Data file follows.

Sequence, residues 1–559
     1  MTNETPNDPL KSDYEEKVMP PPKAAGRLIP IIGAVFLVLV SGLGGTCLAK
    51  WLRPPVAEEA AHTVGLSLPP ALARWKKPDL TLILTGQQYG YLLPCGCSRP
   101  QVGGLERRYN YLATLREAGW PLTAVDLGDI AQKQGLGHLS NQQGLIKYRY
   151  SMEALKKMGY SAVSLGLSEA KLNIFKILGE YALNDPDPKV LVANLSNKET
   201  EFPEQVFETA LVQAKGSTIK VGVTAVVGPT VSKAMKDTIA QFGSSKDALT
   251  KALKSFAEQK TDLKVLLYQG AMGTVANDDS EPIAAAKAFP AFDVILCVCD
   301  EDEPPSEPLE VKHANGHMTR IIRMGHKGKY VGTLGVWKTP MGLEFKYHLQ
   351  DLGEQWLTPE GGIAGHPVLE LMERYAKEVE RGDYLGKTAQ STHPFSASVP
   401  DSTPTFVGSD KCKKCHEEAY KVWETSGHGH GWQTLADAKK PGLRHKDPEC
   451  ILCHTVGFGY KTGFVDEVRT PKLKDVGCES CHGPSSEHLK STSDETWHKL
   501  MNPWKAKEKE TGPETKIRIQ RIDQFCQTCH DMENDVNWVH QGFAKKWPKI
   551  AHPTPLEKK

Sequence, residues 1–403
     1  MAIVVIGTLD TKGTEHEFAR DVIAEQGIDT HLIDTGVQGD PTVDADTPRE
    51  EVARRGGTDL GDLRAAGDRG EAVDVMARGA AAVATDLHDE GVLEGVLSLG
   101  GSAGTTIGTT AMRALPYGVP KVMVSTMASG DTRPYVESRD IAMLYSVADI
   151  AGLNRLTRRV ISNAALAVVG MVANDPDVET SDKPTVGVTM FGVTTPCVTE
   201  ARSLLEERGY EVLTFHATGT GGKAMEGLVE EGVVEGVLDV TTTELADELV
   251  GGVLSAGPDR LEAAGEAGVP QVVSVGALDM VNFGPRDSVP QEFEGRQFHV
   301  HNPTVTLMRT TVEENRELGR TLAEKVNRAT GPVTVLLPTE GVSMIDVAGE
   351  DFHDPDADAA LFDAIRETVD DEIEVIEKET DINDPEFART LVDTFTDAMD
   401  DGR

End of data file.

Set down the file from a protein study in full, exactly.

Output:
Sequence, residues 1–559
     1  MTNETPNDPL KSDYEEKVMP PPKAAGRLIP IIGAVFLVLV SGLGGTCLAK
    51  WLRPPVAEEA AHTVGLSLPP ALARWKKPDL TLILTGQQYG YLLPCGCSRP
   101  QVGGLERRYN YLATLREAGW PLTAVDLGDI AQKQGLGHLS NQQGLIKYRY
   151  SMEALKKMGY SAVSLGLSEA KLNIFKILGE YALNDPDPKV LVANLSNKET
   201  EFPEQVFETA LVQAKGSTIK VGVTAVVGPT VSKAMKDTIA QFGSSKDALT
   251  KALKSFAEQK TDLKVLLYQG AMGTVANDDS EPIAAAKAFP AFDVILCVCD
   301  EDEPPSEPLE VKHANGHMTR IIRMGHKGKY VGTLGVWKTP MGLEFKYHLQ
   351  DLGEQWLTPE GGIAGHPVLE LMERYAKEVE RGDYLGKTAQ STHPFSASVP
   401  DSTPTFVGSD KCKKCHEEAY KVWETSGHGH GWQTLADAKK PGLRHKDPEC
   451  ILCHTVGFGY KTGFVDEVRT PKLKDVGCES CHGPSSEHLK STSDETWHKL
   501  MNPWKAKEKE TGPETKIRIQ RIDQFCQTCH DMENDVNWVH QGFAKKWPKI
   551  AHPTPLEKK

Sequence, residues 1–403
     1  MAIVVIGTLD TKGTEHEFAR DVIAEQGIDT HLIDTGVQGD PTVDADTPRE
    51  EVARRGGTDL GDLRAAGDRG EAVDVMARGA AAVATDLHDE GVLEGVLSLG
   101  GSAGTTIGTT AMRALPYGVP KVMVSTMASG DTRPYVESRD IAMLYSVADI
   151  AGLNRLTRRV ISNAALAVVG MVANDPDVET SDKPTVGVTM FGVTTPCVTE
   201  ARSLLEERGY EVLTFHATGT GGKAMEGLVE EGVVEGVLDV TTTELADELV
   251  GGVLSAGPDR LEAAGEAGVP QVVSVGALDM VNFGPRDSVP QEFEGRQFHV
   301  HNPTVTLMRT TVEENRELGR TLAEKVNRAT GPVTVLLPTE GVSMIDVAGE
   351  DFHDPDADAA LFDAIRETVD DEIEVIEKET DINDPEFART LVDTFTDAMD
   401  DGR